History of Kitsaki

LLRIB is committed to pursuing business opportunities to improve the economic fortunes of their band membership for a very long time.  The Chief and Council of that period noticed that if they were not involved in the ownership of a business then job opportunities in the North went to people who lived in the South. And so the decision was made to change that situation and the change was called Kitsaki Development Corporation (KDC).

The development of KDC went along with the philosophy of Chief and Council at the time, that it needed to become directly involved into business because, unless the Band was involved, its members were the last hired and the first fired.  Having a company like Kitsaki allowed the Chief and Council more control and provided a vehicle for Band members, who wanted to get involved in the wage economy, to work for a Band controlled entity.  At that time, it was still viable to trap and fish, but it was becoming less so each year. They recognized that their people would need to get jobs to support their families as trapping and fishing became less viable.  If they controlled a business, then they had a bigger say in the training and employment of Band members.  Chief and Council followed Bill Hatton’s principle’s for community development that looked at: profitable companies, control through ownership and jobs.  Chief and Council recognized that this would be a long-term strategy and that they would not be able to employ every Band member.  The principle was that if a Band member met the minimum qualifications for a job, they should get that job.  After Kitsaki started it provided a service to the mining industry and later brought in partner’s and gave other northern communities the opportunity to provide profits, jobs and training for other northern people.

Senator Myles Venne was the leader with the fire in his heart to make change.  He believed in business and partnerships and harnessing the free enterprise system to benefit band members.  He knew that change did not happen overnight and that if we were patient, we could benefit from economic development.  Senator Venne is a charismatic visionary and we remain grateful to him for his contributions.

Former chief Tom J. McKenzie was our first chief with a university degree.  Tom knew the importance of education and consistent solid business leadership.  Under Tom’s leadership the Kitsaki began to diversify and identified transportation and food processing as areas that would be of future importance. These remain important segments of Kitsaki.

In 1987 former Chief Harry Cook became chief and shortly thereafter, Kitsaki and Trimac formed Northern Resource Trucking Ltd.  We entered the mainstream of business and we have been growing ever since.  Harry Cook taught us the virtues of hard work.  He maintained a high commitment to staff at both the band and at Kitsaki.  He did not change administrative staff he only challenged them to reach higher.  He encouraged the Kitsaki board of directors to continue to support and diversify Kitsaki.  He worked with his councils with skill and always fostered a spirit of cooperation and hard work.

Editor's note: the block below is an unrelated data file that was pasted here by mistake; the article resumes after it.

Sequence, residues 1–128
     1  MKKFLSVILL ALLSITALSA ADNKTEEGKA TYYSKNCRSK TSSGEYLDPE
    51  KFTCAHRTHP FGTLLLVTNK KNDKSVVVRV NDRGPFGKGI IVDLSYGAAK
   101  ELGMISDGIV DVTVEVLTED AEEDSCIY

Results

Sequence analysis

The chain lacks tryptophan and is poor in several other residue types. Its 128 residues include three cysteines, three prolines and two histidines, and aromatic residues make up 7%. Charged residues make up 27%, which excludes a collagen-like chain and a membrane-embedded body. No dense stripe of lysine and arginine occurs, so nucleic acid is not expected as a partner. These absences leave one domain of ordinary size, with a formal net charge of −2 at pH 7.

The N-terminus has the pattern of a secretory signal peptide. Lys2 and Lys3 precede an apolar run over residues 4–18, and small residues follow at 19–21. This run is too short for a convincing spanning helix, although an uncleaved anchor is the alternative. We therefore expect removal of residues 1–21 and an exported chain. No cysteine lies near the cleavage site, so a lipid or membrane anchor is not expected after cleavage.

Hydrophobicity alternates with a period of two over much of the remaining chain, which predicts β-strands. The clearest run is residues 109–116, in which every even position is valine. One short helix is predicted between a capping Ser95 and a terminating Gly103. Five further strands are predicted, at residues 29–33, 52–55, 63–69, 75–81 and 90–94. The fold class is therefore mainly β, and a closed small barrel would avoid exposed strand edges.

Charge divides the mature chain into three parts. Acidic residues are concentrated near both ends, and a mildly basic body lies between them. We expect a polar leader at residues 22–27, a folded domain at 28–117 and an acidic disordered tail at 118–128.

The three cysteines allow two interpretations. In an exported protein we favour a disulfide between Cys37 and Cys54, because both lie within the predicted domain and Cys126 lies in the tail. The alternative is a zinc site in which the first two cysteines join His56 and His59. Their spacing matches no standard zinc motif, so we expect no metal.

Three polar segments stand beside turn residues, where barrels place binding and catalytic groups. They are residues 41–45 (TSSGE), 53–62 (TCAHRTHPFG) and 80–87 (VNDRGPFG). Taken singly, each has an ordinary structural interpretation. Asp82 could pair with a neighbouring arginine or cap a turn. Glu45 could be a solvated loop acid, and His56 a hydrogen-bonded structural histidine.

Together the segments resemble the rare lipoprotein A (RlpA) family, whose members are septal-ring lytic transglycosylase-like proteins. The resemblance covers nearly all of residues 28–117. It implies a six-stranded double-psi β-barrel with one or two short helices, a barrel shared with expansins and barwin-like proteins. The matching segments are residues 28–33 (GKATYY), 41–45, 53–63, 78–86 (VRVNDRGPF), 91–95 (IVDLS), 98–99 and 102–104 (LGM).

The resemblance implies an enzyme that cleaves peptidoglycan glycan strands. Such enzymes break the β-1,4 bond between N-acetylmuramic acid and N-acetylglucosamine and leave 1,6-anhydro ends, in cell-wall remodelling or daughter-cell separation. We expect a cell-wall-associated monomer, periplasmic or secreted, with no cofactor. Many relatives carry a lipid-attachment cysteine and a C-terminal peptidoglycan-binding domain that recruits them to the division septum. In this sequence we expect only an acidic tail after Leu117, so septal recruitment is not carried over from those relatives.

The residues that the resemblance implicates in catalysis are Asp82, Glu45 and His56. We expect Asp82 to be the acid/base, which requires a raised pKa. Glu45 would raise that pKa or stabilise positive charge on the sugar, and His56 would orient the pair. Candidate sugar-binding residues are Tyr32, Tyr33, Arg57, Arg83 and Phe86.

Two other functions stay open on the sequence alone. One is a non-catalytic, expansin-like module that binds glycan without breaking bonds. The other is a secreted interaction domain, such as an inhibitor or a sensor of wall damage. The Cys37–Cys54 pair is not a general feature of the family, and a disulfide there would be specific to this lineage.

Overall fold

Chief Cook believes that there are always opportunities and it up to us to step up and take advantage of those opportunities.  Under Chief Cooks leadership many new businesses were started and employment opportunities increased.  Kitsaki received many awards for business contributions.  More importantly Kitsaki grew to employ hundreds of La Ronge band members and other aboriginal people and became listed as one of the 100 largest corporations in Saskatchewan.

Chief Cook Searson became a councilor of the La Ronge Band in May 1997.  She immediately took a special interest in economic development.  She educated herself about each of the businesses that Kitsaki was involved with.  She traveled across Canada speaking about economic development and encouraged other first nations to focus on economic development as a way to improve the lives of their band members.  She continues to work tirelessly on behalf of the band membership to build economic development opportunities and to improve the lives of our band members.  In 2004 Tammy as we had come to know her became Chief Tammy.  She became the president of Kitsaki and president and board member for most of our other businesses too.  She has stepped into the job running challenging the rest of us to keep up.  Kitsaki has impacted the lives of thousands of people over the years.  We employ over 600 people full time and hundreds more on a seasonal basis.  We have paid out over 100 million dollars to our employees; we have paid out hundreds of thousands of dollars in charitable donations, served millions of meals, Trained hundreds of people, harvested millions of pounds of wild rice.  We employ wild rice harvesters, scientists, truckers, insurance agents, golf pro’s, and accountants.  We have Cree, Dene, Dakota, Metis and people descended from the four corners of the world in our businesses.

Kitsaki continues to look for expansion opportunities through the creation of new businesses or the acquisition of mid-sized successful businesses to further grow and diversify the Kitsaki portfolio.